This close third-person POV story shows how an innocent mis-step in manners can have dire consequences, even as we aren't privy of the extent of the consequences just yet, but we can imagine that it's not pleasant for Mr. Winfield. Also, the theme of saving face or keeping up appearances as he doesn't divorce his wife because he wants to "protect" his daughter, granddaughter and son-in-law is evident. And, conversely, Mary's husband wants to make everything appear okay, "I'll pay the delinquent taxes myself and give you a hundred and fifty thousand dollars for the house and grounds. That ought to be enough to pay off your debts and give you a fairly decent income." Mr. Winfield didn't want to become "a family charge--protecting the very same people from the embarrassment of a poor relation."

On a chauffeured car ride to Thanksgiving celebration with his granddaughter, Sheila, and two of her friends, Mr. Winfield doesn't speak much but carefully observes and listens to the young women speak of friends and acquaintances. He judges their character and decides that the Farnsworth girl is most interesting and will have what she wants in life. "Miss Farnsworth looked out of the window most of the time, and said hardly anything. Mr. Winfield could see more of her face, and found himself asking, 'I wonder if that child really likes anybody.' Well, that was one way to be. Make the world show you. You could get away with it, too, if you were as attractive as Miss Farnsworth."

The quartet arrives at the house in Lenox, Massachusetts, from Connecticut, and Mr. Winfield falls getting out of the car. His daughter, Mrs. Mary Day, insists he take a hot bath and have some cocoa even though he'd have preferred a drink. "You could have a drink if you wanted, but you're on the wagon, aren't you."

We find out that the house used to be Mr. Winfield's, fifteen years earlier, but because of some trouble and after the death of Mrs. Winfield, Mary's husband bought the house from him for, in today's dollars, 2 ½ million dollars. Also, he was semi-offered a position through a friend of Mr. Day's who knew Mr. Harding, the President. Then we learn that Mr. Winfield had been unfaithful to his wife with a Enid Walter.

When the maid, Ula,  brings the hot cocoa there are two cups and Mr. Winfield decides to offer some to Miss Farnsworth. Well, he makes a huge social blunder and the story ends with "For a while he would just sit there and plan his own terror."

Library of America has just published Stories: by John O'Hara and in the Saturday/Sunday, October 1-2, 2016 issue of The Wall Street Journal there is a review by Thomas L. Jeffers. According to the review in the WSJ, "Of the 402 stories O'Hara published, Mr. McGrath has chosen a representative 60, nearly all first-rate." Also, stated in the article is that O'Hara published 247 stories in The New Yorker. And, that along with Dorothy Parker and Wolcott Gibbs, O'Hara contributed to the idea of "the New Yorker story." One with understatements, indirectness, and not much plotting.

I own hard-back copies of The O'Hara Generation, The Cape Cod Lighter, and Assembly. I'll have to do a cross-check and see what I have compared to the new edition by The Library of America. I love the notes and information that Library of America includes.

10 March, 2012

John O'Hara, "Your Fah Neefah Neeface"

The story starts out with a man recalling an incident thirty years in the past and again twenty years in the past. He'd witnessed a prank by a brother and sister at the time believing the long lost reunion to be real. He meets the girl, now a married woman with two kids, twenty years later. Through the dialogue at which O'Hara triumphs, we learn that people have harshly and incorrectly judged Sallie about the type of relationship she had with her now deceased brother. This story shows how people's imagination and gossip do affect people and that we never know what people think about us. This theme is reinforced when Sallie tells the narrator of her "open" marriage and they discuss how people like to take sides and judge one participant to be at fault. Someone has to be to blame.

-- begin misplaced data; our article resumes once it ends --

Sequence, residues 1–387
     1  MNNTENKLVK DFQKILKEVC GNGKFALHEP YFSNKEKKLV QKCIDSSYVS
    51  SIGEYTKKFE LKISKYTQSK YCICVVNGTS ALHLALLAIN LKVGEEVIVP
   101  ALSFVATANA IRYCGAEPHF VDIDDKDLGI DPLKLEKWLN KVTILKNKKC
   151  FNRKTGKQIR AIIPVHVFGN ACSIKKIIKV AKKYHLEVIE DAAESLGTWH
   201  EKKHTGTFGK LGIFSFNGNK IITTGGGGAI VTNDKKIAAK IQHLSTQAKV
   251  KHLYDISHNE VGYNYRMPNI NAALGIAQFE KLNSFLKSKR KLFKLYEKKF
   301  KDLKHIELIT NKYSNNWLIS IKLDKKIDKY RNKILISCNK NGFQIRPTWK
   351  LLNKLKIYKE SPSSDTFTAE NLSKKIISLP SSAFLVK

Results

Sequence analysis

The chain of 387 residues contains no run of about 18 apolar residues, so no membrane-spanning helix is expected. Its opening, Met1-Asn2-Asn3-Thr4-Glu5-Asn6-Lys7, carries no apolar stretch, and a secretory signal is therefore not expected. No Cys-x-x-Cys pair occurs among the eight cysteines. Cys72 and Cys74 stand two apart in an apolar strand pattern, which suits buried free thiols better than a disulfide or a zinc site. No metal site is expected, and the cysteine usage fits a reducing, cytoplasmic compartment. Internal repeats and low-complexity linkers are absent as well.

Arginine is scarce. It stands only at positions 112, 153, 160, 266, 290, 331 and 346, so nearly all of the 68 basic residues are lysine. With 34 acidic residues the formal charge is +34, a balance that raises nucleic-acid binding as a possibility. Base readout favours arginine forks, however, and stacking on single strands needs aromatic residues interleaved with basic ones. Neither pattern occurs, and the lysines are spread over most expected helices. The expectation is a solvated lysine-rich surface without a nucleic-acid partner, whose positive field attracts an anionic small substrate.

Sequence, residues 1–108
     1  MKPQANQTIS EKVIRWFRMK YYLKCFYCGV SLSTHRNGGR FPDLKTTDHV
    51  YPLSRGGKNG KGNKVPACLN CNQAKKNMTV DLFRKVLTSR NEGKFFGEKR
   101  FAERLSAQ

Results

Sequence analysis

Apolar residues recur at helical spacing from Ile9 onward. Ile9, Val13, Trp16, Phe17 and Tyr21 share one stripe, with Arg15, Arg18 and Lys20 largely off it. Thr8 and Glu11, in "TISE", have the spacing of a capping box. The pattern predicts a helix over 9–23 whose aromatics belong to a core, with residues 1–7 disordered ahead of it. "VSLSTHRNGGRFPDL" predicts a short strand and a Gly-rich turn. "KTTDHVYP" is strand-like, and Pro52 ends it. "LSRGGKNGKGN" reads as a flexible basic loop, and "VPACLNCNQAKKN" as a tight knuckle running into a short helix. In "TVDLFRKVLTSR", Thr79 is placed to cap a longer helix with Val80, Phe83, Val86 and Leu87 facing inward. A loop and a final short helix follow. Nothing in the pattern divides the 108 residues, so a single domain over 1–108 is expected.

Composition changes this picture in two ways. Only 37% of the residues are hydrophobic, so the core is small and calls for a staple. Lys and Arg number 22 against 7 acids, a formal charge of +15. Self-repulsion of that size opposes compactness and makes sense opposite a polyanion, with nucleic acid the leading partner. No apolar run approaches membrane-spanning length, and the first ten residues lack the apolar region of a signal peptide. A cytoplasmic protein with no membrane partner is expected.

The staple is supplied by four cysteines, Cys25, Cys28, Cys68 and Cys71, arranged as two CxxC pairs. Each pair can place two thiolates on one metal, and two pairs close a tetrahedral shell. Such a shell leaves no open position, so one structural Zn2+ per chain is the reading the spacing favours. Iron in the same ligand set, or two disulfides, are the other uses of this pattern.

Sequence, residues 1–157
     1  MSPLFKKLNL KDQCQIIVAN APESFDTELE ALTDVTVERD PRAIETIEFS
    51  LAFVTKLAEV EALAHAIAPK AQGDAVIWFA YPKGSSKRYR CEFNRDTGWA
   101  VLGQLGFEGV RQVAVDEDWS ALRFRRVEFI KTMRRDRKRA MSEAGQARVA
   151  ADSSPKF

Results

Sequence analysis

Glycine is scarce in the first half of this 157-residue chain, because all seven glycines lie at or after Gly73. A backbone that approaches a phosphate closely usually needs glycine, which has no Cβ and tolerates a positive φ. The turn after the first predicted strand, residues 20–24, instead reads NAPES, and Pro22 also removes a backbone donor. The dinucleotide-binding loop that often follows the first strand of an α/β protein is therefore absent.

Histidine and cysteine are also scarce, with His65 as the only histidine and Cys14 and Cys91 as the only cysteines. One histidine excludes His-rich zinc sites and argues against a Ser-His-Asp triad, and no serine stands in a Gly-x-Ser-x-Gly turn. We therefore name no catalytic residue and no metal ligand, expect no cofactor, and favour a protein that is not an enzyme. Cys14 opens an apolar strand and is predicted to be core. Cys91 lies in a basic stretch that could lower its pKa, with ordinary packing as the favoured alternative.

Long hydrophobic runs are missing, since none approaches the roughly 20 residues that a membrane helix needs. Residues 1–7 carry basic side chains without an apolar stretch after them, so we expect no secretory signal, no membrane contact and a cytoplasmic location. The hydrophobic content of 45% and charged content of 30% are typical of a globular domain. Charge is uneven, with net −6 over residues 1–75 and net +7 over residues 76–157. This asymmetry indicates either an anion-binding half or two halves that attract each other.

At the end of the story, we also learn that Sallie and Johnny danced at parties imitating brother and sister, Fred and Adele Astaire.

The story is only eleven pages long and is written in first-person point of view. O'Hara is good at sticking with a particular strain of the story. He doesn't waver or get off track and his dialogue is magnificent in its realism and the amount of work it performs in advancement of the story.

09 March, 2012

John O'Hara, "You Can Always Tell Newark"

This story is about secrets, history repeating itself, living dishonestly and how a personal revelation might make you never see your life the same way again. John O'Hara uses dialogue expertly. In having discussions, Ned Williams, aged 50, realizes that he probably has a daughter. And, a young man in love with Ned's supposed new daughter is probably repeating history in the sense that the young woman in question is married to someone else and pregnant also.

I liked this story a lot. I'm impressed with the ease that the dialogue flows while revealing story while at the same time rounding out characterizations.

06 March, 2012

John O'Hara, "Mary and Norma"

With Selected Shorts reading John O'Hara's short story, "The Graven Image," recently caused me to pull a volume of O'Hara stories from my shelf. "Mary and Norma" superbly tells the story of two sisters-in-law and their promiscuous behavior. It is 12 pages long and a great deal of it is dialogue. There is also suspense that made me eagerly read as I wanted to know how Mary and Norma's situations would be resolved. The ending is one of the type where the reader knows that the main character is going to continue behaving in much the same way. Excellent.

I like O'Hara's stories and I don't hear him mentioned very often but he died in 1970 which these days seems centuries ago. I read somewhere that he had published 251 short stories. He wrote the novel, Butterfield 8, that was made into a movie.

Wikipedia page for O'Hara
SteveReads blog review of O'Hara, The New Review
O'Hara Society web page